On March 1, in a landmark case, the Food and Drug Administration will ask a US Court of Appeals to overturn the backing it gave in May 2006 to a lawsuit which calls for terminally-ill patients to have the constitutional right to be treated with unapproved drugs.
The lawsuit, which was originally brought in July 2003 by patient group the Abigail Alliance for Better Access to Developmental Drugs and the Washington Legal Foundation (WLF), claims that current FDA policy violates the “constitutional privacy and liberty rights” of “mentally competent patients with no other treatment options” by prohibiting them from purchasing investigational drugs, “even though their physicians recommend these drugs as their best hope of surviving or of prolonging their lives.”
The US District Court for the District of Columbia threw the suit out in 2004 but, in a groundbreaking decision last May, the Court of Appeals for the DC Circuit ruled that it should be reinstated. “Barring a terminally ill patient from the use of a potentially lifesaving treatment impinges on the right of self-preservation,” commented one of the judges, Judith Rogers.
Then, in November, the court agreed to the FDA’s request to rehear the case completely. Following that, on December 11, the agency announced plans to make experimental drugs more widely and easily available and to clarify when, and how much, manufacturers could charge for such drugs - it is currently illegal for them to sell an unapproved drug. The agency’s proposals are currently going through a 90-day public comment period, and are expected to become final some time this year.
In a new brief filed with the court ahead of the March 1 hearing, the WLF says a terminally ill patient’s constitutional right to take experimental drugs is a right to engage in self-defence and the FDA should not interfere; such decisions should be left to the patient, doctor and manufacturer.
Promising new medications currently remain unavailable to the vast majority of patients with life-threatening illnesses during the years of clinical testing and review required by the agency, “even though there is evidence that they are safe and effective, and even though patients have no alternative to the drugs other than to wait for their own deaths,” said the WLF’s chief counsel, Richard Samp. “Existing programs for expanded access and compassionate use of new drugs during this pre-approval period accommodate only a fraction of those in desperate need,” he added.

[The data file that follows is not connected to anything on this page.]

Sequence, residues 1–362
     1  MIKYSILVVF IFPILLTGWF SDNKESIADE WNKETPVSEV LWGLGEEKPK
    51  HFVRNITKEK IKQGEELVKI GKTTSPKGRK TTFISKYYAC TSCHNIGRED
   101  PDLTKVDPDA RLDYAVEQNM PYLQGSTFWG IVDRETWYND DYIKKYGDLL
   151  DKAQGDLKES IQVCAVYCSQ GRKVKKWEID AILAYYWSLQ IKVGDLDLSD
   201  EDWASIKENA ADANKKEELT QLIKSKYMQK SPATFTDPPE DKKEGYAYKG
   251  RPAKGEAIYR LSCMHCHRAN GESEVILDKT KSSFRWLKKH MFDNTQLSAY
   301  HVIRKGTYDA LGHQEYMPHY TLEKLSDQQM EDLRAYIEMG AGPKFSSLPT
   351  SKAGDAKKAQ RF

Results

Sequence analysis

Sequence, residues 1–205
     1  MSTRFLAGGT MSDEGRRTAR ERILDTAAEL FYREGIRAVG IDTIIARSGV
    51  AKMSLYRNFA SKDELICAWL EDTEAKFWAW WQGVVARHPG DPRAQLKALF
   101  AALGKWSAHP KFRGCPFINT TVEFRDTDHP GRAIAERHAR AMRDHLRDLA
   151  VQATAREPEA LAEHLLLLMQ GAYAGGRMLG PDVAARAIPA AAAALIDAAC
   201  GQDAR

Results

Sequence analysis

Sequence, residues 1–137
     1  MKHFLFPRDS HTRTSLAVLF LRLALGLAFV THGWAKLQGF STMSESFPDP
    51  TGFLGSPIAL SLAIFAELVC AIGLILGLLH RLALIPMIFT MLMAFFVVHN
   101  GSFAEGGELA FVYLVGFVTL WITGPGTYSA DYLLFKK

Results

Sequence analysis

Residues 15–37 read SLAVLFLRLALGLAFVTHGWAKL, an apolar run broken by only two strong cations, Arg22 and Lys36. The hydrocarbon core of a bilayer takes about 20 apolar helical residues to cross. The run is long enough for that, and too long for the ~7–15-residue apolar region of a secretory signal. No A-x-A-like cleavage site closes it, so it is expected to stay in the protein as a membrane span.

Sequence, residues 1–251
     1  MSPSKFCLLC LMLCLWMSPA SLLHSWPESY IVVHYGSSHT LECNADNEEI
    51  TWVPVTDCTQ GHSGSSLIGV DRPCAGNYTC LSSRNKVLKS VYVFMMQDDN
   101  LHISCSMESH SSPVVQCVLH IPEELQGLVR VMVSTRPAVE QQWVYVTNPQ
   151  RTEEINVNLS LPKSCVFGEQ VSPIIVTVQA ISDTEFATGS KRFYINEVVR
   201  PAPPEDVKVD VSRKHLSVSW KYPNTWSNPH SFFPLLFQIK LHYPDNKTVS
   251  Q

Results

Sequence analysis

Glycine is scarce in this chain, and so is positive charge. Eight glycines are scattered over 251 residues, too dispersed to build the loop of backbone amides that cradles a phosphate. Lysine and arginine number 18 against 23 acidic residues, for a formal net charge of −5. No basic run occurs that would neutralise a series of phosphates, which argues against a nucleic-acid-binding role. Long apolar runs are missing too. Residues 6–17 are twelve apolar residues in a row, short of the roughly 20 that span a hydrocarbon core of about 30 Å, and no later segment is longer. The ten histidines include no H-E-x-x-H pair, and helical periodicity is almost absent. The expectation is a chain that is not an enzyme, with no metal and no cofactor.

However, there are huge ethical issues involved. If the lawsuit is successful, it will mean new drugs no longer having to go through the full three phases of clinical trials before becoming available to the public, reports the Washington Times, which also quotes observers as stating that the drug industry is not supporting the lawsuit because of the potential liability if an experimental drug should harm a patient. But the WLF says a victory for the lawsuit “would not mean that terminally ill patients could demand treatment from unwilling doctors and drug companies; rather, it would simply mean that FDA could stand in the way of treatment by willing providers only if it had exceptionally strong reasons for doing so.”
In fact, the proposed new guidelines explicitly state that the FDA “cannot compel a drug manufacturer to provide access to investigational drugs for treatment use.”
The case will be heard before all 10 judges of the DC Circuit Appeals Court on March 1. If they agree with the May 2006 decision, it will return to the District Court. However, many observers believe this unprecedented battle will go all the way to the Supreme Court.
- The Abigail Alliance was founded in 2001 by Frank Burroughs, when his daughter, Abigail, died of cancer “after she was stymied in her efforts to obtain new cancer drugs that her oncologist believed could save her life, but which were still in clinical trials,” it says. Lynne Taylor